Tuesday, September 18, 2012

Avoiding Botox Blunders

BOTOX® injection is the most commonly performed aesthetic procedure in the United States with over 5 million anatomical sites injected in 2011 alone. It acts by partially and temporarily paralyzing the facial animation muscles beneath the skin, thereby decreasing the skin wrinkles that are formed due to the action of these muscles.

BOTOX® has many cosmetic uses including:
  • Treatment of frown lines between the eyebrows.
  • Worry lines across the forehead.
  • Crow's Feet at the corners of the eyes.
  • Fine lines around the mouth.
  • Excessively sweaty armpits, palms, and feet.
  • Relief from migraine headaches. 
What are the risks?  
  • Bruising & swelling. Quick Fix: Ice area after procedure to treat; avoid aspirin prior to treatment.
  • A droopy eyelid, which is the result of an improper injection.
  • Overall unacceptable results. This can easily be avoided. 
How To Avoid Botox Blunders and Poor Results:  
After treating over 100,000 injection sites, in my opinion, these are the most common causes of a poor result:
  • Improper injection technique: An injector not familiar with the muscular anatomy may execute an improper placement, causing unwanted side effects and a less than optimal result. My Opinion: “Seek treatment from an experienced licensed physician.”
  • Not enough material used at the injection site: I use 5 units per injection site and I have found most patients require the treatment of 8 to 14 sites to receive an acceptable resultMy Opinion: “50 units per treatment for an even face. Always ask how many units will be used. A common statement we hear is: 'I was treated for half the cost but did not receive the results that I desired.’”
  • Use of an outdated BOTOX solution: Injecting a less potent Botox solution can cause poor results. The product has a shelf life of only 48 hours and the potency drops off significantly after that timeMy Opinion: “Use the product the same day it was prepared.” 
  • “I don’t want to look like Nicole Kidman”: Here we have a prime example of overtreatment.  The forehead muscles were over treated, resulting in a done appearance. My Opinion: “Never overuse a good product." 

All inquiries are welcome: Feel free to contact Barb Bridell (our patient coordinator) 1-800-456-8222 or barb@enza.com. 

First Annual Pink Ribbon Golf Classic for the American Cancer Society

Local Plastic Surgeon Dr. Joseph Rucker raises over $20,000 for the cure for Breast Cancer and the American Cancer Society

RUCKER MD Plastic Surgery Clinic hosts Pink Ribbon Charity Golf Classic on Friday, September 14th, 2012.

Eau Claire, WI – On Friday, September 14th RUCKER MD hosted the 1st Annual Pink Ribbon Charity Golf Classic. The event benefited the American Cancer Society to raise funds for breast cancer research. Guests of the Pink Ribbon Charity Golf Classic played 18-holes of championship golf on a perfectly sunny day and participated in an evening reception with dinner and guest speakers Ann Harris and Lois Joseph from the Breast Cancer Awareness Association in Minnesota.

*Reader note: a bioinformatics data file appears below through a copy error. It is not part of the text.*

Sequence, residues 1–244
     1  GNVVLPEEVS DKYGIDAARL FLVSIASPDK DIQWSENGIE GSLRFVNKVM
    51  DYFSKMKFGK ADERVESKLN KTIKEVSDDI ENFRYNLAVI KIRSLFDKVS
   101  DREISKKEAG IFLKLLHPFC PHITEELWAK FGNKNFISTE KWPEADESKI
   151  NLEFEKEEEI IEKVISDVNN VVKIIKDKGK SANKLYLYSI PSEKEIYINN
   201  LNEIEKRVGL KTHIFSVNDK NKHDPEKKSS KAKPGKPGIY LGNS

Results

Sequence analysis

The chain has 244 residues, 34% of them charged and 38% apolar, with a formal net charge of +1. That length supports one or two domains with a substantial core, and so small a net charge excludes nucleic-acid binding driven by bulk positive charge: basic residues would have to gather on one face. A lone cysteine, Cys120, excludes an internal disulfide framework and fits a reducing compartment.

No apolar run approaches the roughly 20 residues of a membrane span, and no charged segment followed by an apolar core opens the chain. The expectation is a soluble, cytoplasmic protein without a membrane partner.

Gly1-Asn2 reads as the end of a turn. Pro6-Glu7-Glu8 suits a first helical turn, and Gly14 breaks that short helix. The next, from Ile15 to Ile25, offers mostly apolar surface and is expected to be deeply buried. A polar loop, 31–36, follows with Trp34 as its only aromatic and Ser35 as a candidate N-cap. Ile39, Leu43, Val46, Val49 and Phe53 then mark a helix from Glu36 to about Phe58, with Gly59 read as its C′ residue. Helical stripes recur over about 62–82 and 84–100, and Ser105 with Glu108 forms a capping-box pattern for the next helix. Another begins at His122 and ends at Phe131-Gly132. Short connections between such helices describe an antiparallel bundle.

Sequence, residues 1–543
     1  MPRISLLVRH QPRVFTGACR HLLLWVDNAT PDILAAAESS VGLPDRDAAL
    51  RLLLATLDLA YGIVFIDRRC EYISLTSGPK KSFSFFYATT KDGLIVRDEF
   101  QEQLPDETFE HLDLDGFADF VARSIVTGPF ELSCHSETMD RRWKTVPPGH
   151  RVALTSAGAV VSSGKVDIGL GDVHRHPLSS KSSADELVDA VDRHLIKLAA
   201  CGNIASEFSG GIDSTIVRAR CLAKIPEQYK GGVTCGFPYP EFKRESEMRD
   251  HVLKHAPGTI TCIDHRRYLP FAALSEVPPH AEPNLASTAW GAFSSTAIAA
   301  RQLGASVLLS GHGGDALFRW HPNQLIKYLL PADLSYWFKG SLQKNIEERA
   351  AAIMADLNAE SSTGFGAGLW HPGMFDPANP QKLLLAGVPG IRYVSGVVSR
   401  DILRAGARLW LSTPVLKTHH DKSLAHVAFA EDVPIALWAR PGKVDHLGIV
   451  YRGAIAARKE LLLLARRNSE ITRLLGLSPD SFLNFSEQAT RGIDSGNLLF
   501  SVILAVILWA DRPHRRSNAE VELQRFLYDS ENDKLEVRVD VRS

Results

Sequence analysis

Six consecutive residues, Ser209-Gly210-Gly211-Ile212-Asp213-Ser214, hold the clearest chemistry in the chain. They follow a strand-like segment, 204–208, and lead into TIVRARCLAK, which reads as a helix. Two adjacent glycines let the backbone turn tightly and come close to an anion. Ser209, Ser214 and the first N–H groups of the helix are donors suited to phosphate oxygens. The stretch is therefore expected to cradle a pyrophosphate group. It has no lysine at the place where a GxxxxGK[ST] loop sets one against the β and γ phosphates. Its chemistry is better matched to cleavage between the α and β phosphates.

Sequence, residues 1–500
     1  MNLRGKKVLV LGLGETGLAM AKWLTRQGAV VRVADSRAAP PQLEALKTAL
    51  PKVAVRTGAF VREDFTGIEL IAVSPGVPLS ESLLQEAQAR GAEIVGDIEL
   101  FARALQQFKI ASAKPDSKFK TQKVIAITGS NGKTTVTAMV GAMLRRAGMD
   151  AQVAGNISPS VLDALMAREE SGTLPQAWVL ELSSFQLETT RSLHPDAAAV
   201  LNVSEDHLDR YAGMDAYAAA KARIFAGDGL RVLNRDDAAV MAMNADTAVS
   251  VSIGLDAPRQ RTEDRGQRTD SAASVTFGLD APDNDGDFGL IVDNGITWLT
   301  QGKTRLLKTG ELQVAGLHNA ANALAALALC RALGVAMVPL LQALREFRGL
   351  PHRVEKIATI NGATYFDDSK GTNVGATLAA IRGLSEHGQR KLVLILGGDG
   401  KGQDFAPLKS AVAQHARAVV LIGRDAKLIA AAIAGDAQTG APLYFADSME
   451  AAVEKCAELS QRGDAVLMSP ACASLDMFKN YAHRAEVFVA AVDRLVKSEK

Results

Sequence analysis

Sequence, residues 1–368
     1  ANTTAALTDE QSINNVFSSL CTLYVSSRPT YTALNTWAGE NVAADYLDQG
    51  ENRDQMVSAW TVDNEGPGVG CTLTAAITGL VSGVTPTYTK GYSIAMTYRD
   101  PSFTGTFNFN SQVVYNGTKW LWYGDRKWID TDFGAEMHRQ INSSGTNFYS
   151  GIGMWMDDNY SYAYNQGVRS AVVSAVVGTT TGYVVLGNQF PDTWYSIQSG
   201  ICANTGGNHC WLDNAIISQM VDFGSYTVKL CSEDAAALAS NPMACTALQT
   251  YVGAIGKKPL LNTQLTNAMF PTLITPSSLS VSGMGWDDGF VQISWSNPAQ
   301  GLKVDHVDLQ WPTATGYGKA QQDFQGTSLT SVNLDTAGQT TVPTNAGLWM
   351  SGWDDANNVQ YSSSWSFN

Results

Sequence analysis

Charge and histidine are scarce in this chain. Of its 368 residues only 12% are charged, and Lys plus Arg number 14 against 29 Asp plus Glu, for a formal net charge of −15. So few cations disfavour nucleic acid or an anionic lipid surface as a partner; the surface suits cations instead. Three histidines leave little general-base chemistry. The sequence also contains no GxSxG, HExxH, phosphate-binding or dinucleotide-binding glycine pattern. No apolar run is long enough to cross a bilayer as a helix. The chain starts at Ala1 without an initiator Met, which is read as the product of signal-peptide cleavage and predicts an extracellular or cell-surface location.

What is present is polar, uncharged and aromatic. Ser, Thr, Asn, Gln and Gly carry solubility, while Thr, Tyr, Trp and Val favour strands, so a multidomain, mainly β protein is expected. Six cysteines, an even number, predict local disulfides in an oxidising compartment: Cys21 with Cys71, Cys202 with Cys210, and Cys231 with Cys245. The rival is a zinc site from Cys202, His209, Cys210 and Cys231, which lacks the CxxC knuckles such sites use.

The event raised over $20,000 through generous sponsorships, and excellent raffle, and golfers alike. Among the day’s events were free chair massages courtesy of The Salon Professional Academy and Da Vinci Therapeutic Massage, and chances to win brand new cars, courtesy of Eau Claire Ford and Eau Claire Auto Group. Many other sponsors such as Larson Allen, RBC, and Dental Health Center were present at their sponsored holes to greet golfers with different giveaways.   

More than 100 guests attended the evening reception which was kicked off with cocktail hour and followed by a gourmet dinner and Pink Ribbon cupcakes from Simply Cakes bakery. The raffle was drawn featuring various items such as a Pelleve® package from the Enza Medispa, color Nook from Charter Media, and gift certificates to local businesses such as Charly’s Market and Houligan’s.

Dr. Rucker expressed his sincere appreciation for the generosity from the guests and sponsors as well as his renewed commitment to find the cure for breast cancer. “We are grateful to our sponsors and our donors for their support for the fight against Breast Cancer. Through this event, we have raised over $20,000. In addition, I am making a commitment to personally donate towards the cure for every Breast Reconstruction procedure I perform.”

Dr. Rucker and staff will present the check for$20,000 to the American Cancer Society on Saturday, October 20th, 2012 at Making Strides Against Breast Cancer in Eau Claire.

Breast cancer is the most commonly diagnosed form of cancer. In 2011, an estimated 230,480 new cases of invasive breast cancer were diagnosed among women.

For more information, please contact Kiana Tom at 715.832.1774 or kiana@enza.com

Monday, September 17, 2012

Is Breast Reduction right for you?